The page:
The idea for this artwork was initiated by a visit to the dentist and a tooth extraction – it was the first one I’ve had in many years (since I was a child) and it evoked a very deep emotional response: something I had never quite felt before. I became aware of my body and how it is slowly failing; and I realised that I would like to express that in some way.
As Michael Caine says, “nothing a lot of people know….” (this): I won the Texaco Art Competition when I was eight years old; and I thought it might be interesting to link the two events.
At the same time, I could see the city of Cork slowly crumbling around me – everywhere you walk in the town, buildings are leaning out into the streets or upholstered by metal girders. The city – Cork (Corcaigh: Marsh as Gaeilge) – is reconciling itself to its true nature by sinking back into the ground, as we all will do some day; and I saw a connection in the way I was feeling physically, and the physical presentation of the city. So I tried to reconcile these three ideas – me now, an early success I had as a young boy, and the crumbling city.
Also, the wind to me has always been the messenger of the past – voices heard on the wind are voices from another time and conveyed by this element as a message to you. I thought it might be interesting to take this idea – voices on the wind – and integrate it into this connection as well, since I was dealing with the nature of time gone.
As I was interested in the idea of the physicality and ‘mortality’ of buildings, I visited the site of a neighbour’s house before it was demolished – a house that meant a lot to me as a child – and took some photographs; and I retrieved an item (a piece of kitchen lino) from the site after the house had been pulled down. I saw a connection between the piece of lino and the prize-winning painting – I saw them as ‘icons’ that carried power in the message I was trying to articulate – and I initiated a process where I began to explore how to represent them properly. I saw them as standing alone – I didn’t want them to be compromised by surrounding photographic context. So I selected and separated them in Procreate and rendered them as TIFFs. In Photos, I added sharpness, brilliance, vibrance amongst other things to give them a ‘hyperreal’ quality. I also created in Procreate a background used in the video – one that looked ‘starry’ but deliberately artificial – splotches and blotches of paint.
As I walked around the city, I recorded ‘wild track’ on my iPhone – anything I found interesting: motors, the wind, people socializing at a park near my home during an impromptu festival. I also recorded ‘atmos’ – a dull hiss – by leaving the iPhone record empty noise for long periods of time, and going back in later and editing this is in VoiceMemo to remove any extraneous sounds or ‘bits’ (this ‘hiss’ to me is the element of machinery – the imposition of technology; I wanted to bring it in as a conveyer of ‘artificiality’ which I hoped would add a feeling that was useful).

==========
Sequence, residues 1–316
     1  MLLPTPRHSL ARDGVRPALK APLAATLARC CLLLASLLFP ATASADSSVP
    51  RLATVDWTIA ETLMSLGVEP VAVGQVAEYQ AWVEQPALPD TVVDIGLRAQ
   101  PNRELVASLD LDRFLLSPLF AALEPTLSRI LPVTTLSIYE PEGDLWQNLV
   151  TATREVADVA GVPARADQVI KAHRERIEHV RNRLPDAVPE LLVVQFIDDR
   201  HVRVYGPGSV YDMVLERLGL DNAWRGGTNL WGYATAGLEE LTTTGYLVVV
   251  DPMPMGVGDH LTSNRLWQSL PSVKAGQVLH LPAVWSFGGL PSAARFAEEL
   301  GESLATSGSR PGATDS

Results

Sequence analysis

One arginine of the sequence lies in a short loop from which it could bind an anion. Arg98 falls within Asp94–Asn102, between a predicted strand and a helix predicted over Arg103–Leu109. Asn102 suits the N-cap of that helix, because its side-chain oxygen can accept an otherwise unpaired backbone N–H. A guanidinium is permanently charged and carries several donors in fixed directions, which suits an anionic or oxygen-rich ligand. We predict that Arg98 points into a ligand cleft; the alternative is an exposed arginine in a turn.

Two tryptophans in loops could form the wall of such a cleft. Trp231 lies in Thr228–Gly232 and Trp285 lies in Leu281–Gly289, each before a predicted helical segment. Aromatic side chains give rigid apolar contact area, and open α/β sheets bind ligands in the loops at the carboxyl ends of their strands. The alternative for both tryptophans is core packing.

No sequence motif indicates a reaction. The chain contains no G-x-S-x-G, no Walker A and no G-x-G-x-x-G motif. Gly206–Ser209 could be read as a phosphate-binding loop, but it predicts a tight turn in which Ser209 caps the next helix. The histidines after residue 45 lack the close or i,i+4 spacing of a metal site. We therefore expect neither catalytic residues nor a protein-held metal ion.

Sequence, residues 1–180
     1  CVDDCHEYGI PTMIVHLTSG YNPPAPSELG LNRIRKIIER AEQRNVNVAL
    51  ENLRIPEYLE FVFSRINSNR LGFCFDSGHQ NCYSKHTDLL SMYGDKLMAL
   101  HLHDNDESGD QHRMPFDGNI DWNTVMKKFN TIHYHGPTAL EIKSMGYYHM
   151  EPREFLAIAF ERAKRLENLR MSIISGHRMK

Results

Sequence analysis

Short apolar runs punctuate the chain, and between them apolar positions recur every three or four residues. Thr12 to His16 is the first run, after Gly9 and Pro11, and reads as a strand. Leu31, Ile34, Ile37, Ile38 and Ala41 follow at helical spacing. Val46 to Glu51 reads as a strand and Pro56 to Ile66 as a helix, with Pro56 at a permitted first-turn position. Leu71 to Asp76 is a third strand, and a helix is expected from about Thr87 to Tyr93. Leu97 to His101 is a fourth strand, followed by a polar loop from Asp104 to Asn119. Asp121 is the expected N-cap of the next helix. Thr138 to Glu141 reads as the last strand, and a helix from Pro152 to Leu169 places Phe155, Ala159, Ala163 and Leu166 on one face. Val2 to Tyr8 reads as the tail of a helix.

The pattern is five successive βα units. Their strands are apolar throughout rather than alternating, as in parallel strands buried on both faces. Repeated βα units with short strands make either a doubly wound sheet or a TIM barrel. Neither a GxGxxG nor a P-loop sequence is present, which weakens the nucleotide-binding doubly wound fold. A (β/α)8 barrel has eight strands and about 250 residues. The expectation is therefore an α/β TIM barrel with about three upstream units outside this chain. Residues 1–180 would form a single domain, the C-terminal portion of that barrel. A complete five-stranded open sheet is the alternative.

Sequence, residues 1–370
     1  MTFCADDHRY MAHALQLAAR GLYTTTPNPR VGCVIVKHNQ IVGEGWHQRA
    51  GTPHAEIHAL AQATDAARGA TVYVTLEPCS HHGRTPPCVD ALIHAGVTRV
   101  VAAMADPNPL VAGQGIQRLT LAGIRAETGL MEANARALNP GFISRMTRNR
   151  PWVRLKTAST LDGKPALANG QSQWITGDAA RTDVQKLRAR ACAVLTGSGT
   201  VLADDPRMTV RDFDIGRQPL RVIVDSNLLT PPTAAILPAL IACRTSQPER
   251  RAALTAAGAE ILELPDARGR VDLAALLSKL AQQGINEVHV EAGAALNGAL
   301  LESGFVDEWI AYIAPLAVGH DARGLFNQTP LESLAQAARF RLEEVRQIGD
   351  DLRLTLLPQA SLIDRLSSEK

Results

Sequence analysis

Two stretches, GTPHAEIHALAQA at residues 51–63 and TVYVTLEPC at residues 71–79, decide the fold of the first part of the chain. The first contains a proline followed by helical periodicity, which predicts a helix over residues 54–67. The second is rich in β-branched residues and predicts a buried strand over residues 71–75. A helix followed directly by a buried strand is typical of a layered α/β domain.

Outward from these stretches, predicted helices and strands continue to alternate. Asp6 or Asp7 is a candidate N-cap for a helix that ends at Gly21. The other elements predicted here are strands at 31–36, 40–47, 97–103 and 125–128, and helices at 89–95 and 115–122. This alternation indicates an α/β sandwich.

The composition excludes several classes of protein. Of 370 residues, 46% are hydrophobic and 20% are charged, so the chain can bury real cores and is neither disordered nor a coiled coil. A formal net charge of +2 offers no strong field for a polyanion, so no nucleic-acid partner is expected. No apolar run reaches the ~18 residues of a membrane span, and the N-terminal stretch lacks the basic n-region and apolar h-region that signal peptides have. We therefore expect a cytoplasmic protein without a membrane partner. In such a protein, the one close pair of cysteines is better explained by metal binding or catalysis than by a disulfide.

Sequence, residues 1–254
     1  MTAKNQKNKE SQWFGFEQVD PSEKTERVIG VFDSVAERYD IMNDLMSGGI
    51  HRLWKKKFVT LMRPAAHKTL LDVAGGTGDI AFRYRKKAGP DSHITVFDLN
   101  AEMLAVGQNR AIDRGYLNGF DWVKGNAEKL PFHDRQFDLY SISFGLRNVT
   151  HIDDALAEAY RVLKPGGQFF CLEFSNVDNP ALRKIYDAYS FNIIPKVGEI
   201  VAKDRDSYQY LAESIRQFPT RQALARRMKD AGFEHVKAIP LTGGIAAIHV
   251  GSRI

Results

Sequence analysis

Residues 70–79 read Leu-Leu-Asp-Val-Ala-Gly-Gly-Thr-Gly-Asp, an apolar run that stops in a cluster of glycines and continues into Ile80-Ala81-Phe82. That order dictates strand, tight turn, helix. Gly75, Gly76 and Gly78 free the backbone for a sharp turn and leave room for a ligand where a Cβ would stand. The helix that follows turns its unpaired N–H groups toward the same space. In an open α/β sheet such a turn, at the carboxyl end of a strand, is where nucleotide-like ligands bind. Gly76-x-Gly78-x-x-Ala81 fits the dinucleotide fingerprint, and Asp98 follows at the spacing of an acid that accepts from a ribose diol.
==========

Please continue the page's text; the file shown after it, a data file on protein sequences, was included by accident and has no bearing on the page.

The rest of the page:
I would think about what I wanted to do separately to when I actually worked. When I edited, I worked almost without thinking, like writing, in a stream of consciousness. I found that elements of material played off each other by accident – and I allowed that to happen. I found a correspondence between what I was doing and other work (such as that of Tianzhou Chen) – the integration of disparate elements (sound, footage, photos) and the creation of new and surprising combinations that had an integrity all of their own, and this encouraged me onwards. I noted that Ann Hirsch (Scandalishious) had emphasised the strength of working impulsively: ‘work first, understand later’, and this gave me confidence.
As time went on, I began to realise that I also wanted to tell some kind of story and also give the work a form of resolution that the video format would find applicable, so I began to seriously think about the construction of a beginning, middle and end to the work – this conflicted with an idea to ‘keep it lean’ that went on throughout the whole making (I deleted the sound of a ticking clock that may have given some explanation to parts of the video, but surmised it wasn’t necessary in the end). I also made an attempt to link some of the disparate material to give the piece a more narrative feel. I realised that I had a responsibility to the viewer almost more than myself and giving the video a ‘form’ would do it credit – I hoped! Toward the end of the process, I brought in video pieces and photos that I had shot at the very start. I then combined these pieces with ‘conflicting’ audio, but they worked in new ways that were gratifying.
In the end, I realised I had created some sort of love song to myself, to the boy I once was, and to the city.